May 23, 2023
Sled dogs, hot rods and Jet boats, KJet Queenstown’s mechanic Tony Turner knows how to make things run. Celebrating 19 years with the company, as the longest serving staff member aside from owner Shaun Kelly, Tony has some interesting stories to tell and features in many magazine articles already. We caught up with Tony to hear some of these stories as he settles in towards his 20-year anniversary in charge of KJet’s Jet boat workshop.
As the world’s first commercial Jet boat operation, starting out in 1958, KJet has been involved in multiple Jet boat innovations over the years and Tony has been right there at the forefront for almost 20 years. Looking after the maintenance of the boats, parts supply and managing the workshop is Tony’s main role for the tourism business alongside keeping KJet’s racing boats running at full speed.
Tony’s love of speed continues with his interest in hot rods and husky racing; being an important part of New Zealand’s sled dog history.
Tony’s introduction to jet boating came in 1985 when a friend roped him into working on his race boat. He’d played with jet boats during his apprenticeship in Christchurch previously so thought “it sounded like a bit of fun”. 1986 saw Tony compete in his first world jet boat marathon as the mechanic, which he describes as a real learning curve and the start of a life-long jet boat racing career.
Tony went on to compete in the 1986, 1989 and 1993 World Jet Boat marathons and was involved in race boats heavily until 2000. The World Jet Boat Marathons are held annually in rotation across the USA, Mexico, Canada and New Zealand. Travelling internationally with a high spec Jet boat is not for the faint hearted, Tony exclaims.
KJet owner Shaun Kelly had also been racing jet boats for a while in 2004 when he and Tony teamed up to work on Shaun’s own race boat; which of course lead Shaun to offer Tony a job! They’ve now been racing together for almost 20 years, with a highlight being a 2nd place finish in the New Zealand jet boat racing championships.
Looking back on his boating life, a great highlight was the time he was one of three Canterbury boaters who volunteered to take the Australian Cricket Team up the Waimakariri River. It was January 1993 and Australia had just thrashed New Zealand at Lancaster Park. All was going well until the river spread out and he ran out of water. This meant the cricketers all had to get out of the boat and give it under-arm support to push it across 100 metres of gravel to reach deeper water. “It was one hell of a push” Tony laughs.
Alongside his love of Jet boats, sled dogs have been a large part of Tony’s life. Getting his first Husky in 1991, Tony says: “Two became infectious so I got 2 more and 2 more and so on and so on”, until he eventually ended up with 15 dogs in his care!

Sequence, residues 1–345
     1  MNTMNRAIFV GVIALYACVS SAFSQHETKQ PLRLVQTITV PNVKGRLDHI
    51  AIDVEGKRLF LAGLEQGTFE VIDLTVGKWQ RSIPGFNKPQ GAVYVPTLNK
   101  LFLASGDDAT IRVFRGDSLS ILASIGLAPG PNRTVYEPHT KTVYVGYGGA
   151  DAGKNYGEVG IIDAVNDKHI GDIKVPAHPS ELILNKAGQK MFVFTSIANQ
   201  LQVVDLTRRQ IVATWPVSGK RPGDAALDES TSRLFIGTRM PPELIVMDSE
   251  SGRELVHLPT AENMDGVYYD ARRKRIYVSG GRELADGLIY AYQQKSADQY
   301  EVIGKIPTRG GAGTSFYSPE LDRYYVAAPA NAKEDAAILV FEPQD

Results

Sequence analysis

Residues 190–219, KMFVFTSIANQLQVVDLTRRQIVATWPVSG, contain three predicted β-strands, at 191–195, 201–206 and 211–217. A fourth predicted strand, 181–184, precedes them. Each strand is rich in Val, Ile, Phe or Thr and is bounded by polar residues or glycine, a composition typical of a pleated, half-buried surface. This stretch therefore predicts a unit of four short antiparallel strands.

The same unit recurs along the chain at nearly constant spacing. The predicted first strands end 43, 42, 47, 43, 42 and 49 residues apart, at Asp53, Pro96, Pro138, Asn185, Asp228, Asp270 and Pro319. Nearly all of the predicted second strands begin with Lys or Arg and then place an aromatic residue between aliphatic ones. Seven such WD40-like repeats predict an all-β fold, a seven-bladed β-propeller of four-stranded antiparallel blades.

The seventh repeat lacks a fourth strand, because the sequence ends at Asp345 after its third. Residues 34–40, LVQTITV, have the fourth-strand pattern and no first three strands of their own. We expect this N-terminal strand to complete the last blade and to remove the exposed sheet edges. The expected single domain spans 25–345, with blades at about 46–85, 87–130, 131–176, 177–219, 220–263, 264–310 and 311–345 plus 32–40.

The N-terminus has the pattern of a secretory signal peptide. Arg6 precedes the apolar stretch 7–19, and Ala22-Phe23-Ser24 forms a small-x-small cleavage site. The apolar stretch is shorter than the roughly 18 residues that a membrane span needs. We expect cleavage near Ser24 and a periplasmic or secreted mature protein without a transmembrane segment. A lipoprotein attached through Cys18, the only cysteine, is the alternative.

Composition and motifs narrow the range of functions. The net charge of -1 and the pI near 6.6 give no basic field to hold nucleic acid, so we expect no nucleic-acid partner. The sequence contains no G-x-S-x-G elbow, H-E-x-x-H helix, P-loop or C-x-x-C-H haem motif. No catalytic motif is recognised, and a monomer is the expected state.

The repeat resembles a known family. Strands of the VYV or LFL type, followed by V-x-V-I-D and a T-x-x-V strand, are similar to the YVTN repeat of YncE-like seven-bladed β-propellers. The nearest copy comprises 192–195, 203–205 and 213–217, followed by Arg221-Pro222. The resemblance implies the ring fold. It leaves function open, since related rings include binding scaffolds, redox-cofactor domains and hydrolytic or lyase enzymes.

With a passion to find out more about these phenomenal athletic animalsTony started visiting Alaska in 1998, first working for a Yukon Quest musher at their kennels in Willow, Alaska. Mushing is a sport or transport method powered by dogs, but according to Tony there’s a lot more to it than just transport; “it’s a way of life, where your dogs are your life”. The Yukon Quest is an annual long-distance sled dog race. Tony also worked as a handler on the Iditarod race, which is another 1000-mile race, entirely within the US state of Alaska. Tony has visited Alaska 3 more times since then and is planning another trip next year.
Alaskan Huskies had never been seen before in New Zealand when Tony imported the first two back in 2001. Prior to this, New Zealand only had Alaskan malamutes and Siberian Huskies. His main motivation was to share his joy of owning and running Huskies with his home countrymen.
This love of sled dogs encouraged Tony to be involved in the first sled dog experience in the Southern Hemisphere at Cardrona’s Snow Farm, between Queenstown and Wanaka. Snow Farm is New Zealand’s only cross-country ski field, where sled dogs are hooked up to a sled and run over snow. The art of sled dog running is a slow and steady controlled practice and not as simple as it looks. The slightest failure at keeping the tug-lines tight can result in potential injuries to the dogs. Instead, Tony likens it to them “becoming one body with many legs, but one mind and heart”. It’s this one body mentality that allows him to steer and control the pack, calling ahead and leaning into each turn for the dogs to respond.
He describes the feeling of running all his 11 dogs at once as “unconditional happiness” and being part of the pack as its leader and caretaker.
After thirty years of being involved with sled dogs, including twenty years racing, Tony doesn’t get involved anymore but still has 6 dogs in his care. He still does some recreational running with 3 of them and the rest are enjoying their retirement.
In the mid 1980’s Tony got a name for himself tuning hot rods and race cars. A member of the Pegasus Bay Drag Racing Club, he spent four years building a custom 1966 Volkswagon Beetle. Word has it that the Beetle could get up to speeds of 100mph, after being caught by a local policeman who thought his radar was faulty! These days Tony drives a Chevy pick-up with plenty of room in the back for his huskies.
Tony is looking forward to celebrating 20 years with KJet, maintaining the fleet of 8 Jet boats, including Shaun’s race boat, and continually developing new features to fine tune the fleet. Keep an eye out on the mountain for Tony as huskies will always be a passion. His vehicle skills are still second to none and enjoys working on hot rods for friends and fellow “rodders”.